When you think of evangelism, you might not automatically link it to computer technology, phone banks, and Web sites; and you might not associate it with witnessing by phone to a person on the other side of the country. But that could change as the North American Mission Board's (NAMB) Evangelism Response Center (ERC) connects churches and people within a growing network of technological resources.
Dr. N.S.R.K. Ravi, coordinator of the ERC, delights to tell of Southern Baptist volunteers who, from their own homes, have led thousands to faith in Christ over the phone through this cooperative effort between NAMB, local churches, phone volunteers, and LifeWay Christian Resources.
Patricia Zimmerman, a 71-year-old widow in Arkansas, was the ERC volunteer of the year for 2007. She has led nearly three hundred strangers to Christ. But the retired registered nurse and substitute teacher never had to leave her home in the heart of the Ozarks to do so.
Samuel Hill, an 87-year-old retiree from Virginia, was the ERC volunteer of the year for 2006. He has logged on to the ERC telephone network for over 2,400 hours and reported more than 370 salvation decisions.
Zimmerman and Hill are among 3,900 "telephone encouragers" for the ERC who answer phones and share the Gospel from the convenience of their homes.
Using the ERC's high-tech "virtual" telephone network, volunteers remotely answer calls to 1-888-Jesus2009 (toll-free) twenty-four hours a day, seven days a week. The ERC also has "Internet encouragers" who use computers to share the Gospel with users who link to the ERC website, www.thegoodnews.org.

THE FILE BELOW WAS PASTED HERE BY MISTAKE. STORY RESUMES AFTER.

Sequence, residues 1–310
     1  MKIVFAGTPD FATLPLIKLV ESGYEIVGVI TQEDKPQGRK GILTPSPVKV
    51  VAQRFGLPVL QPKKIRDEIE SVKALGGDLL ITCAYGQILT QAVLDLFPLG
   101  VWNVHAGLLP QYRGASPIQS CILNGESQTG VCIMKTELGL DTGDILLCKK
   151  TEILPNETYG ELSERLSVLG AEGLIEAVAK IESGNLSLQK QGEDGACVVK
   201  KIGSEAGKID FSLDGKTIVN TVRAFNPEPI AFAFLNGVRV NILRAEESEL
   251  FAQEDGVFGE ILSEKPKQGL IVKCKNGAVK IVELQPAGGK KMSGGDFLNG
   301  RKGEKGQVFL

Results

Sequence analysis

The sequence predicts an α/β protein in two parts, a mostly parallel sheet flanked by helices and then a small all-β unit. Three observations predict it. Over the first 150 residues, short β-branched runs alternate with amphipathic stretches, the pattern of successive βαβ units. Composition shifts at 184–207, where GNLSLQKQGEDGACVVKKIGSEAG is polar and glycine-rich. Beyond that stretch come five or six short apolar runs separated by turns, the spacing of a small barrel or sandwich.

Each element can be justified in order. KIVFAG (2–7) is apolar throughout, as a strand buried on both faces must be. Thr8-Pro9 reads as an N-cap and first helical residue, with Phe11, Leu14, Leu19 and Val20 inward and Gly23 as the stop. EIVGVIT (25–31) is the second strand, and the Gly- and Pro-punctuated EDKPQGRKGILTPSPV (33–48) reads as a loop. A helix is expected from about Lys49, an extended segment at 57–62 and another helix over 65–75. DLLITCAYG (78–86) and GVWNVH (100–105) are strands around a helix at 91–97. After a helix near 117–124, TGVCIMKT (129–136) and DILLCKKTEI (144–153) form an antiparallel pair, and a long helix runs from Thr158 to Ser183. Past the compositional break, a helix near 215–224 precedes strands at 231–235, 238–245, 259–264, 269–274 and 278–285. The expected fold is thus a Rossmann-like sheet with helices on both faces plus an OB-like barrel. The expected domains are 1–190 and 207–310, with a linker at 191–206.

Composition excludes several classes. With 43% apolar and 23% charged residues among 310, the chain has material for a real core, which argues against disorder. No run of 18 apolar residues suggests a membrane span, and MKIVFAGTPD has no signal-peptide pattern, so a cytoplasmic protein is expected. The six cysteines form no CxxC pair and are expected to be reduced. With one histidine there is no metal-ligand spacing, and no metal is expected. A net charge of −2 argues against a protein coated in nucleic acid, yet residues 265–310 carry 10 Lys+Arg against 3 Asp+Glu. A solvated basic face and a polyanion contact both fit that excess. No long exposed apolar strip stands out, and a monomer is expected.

While volunteers set their schedule to take calls on certain days, they may actually "log on" whenever they wish, much more frequently than the ERC's monthly minimum of two and a half hours. It doesn't take a computer to log on, just a touch-tone phone.
After completing two hours of training, ERC telephone volunteers receive a password. When they are ready to answer calls, they simply dial the ERC phone number, input a PIN (personal identification number) and their password, and type in the phone number where they can be reached. The ERC system then automatically forwards calls to that number. Calls are handled in either English or Spanish.
Telephone encouragers may field calls from all fifty states and Canada, and share their faith over the phone with Jews and Muslims, along with truckers on America's highways who see the toll-free number on a billboard.
Ravi, said the ERC exists to advance the intentional presentation of the life-changing Gospel of Jesus Christ.
"We respond and pray with persons who contact us through various media, and refer them to local Southern Baptist Convention churches where they can obtain further ministry and spiritual growth opportunities," Ravi said.
The ERC fielded some 94,000 calls from 2006-08, an average of more than 2,600 per month. More than 5,000 callers made first-time salvation decisions over the three-year period, Ravi reported.
Ravi compares this method to Paul's pattern of contextualizing his approach as he proclaimed the Gospel in his travels. He emphasized that this is presenting the Gospel in a manner that is consistent with our hi-tech culture, saying, "We are not creating something new; Paul himself showed us how to do that."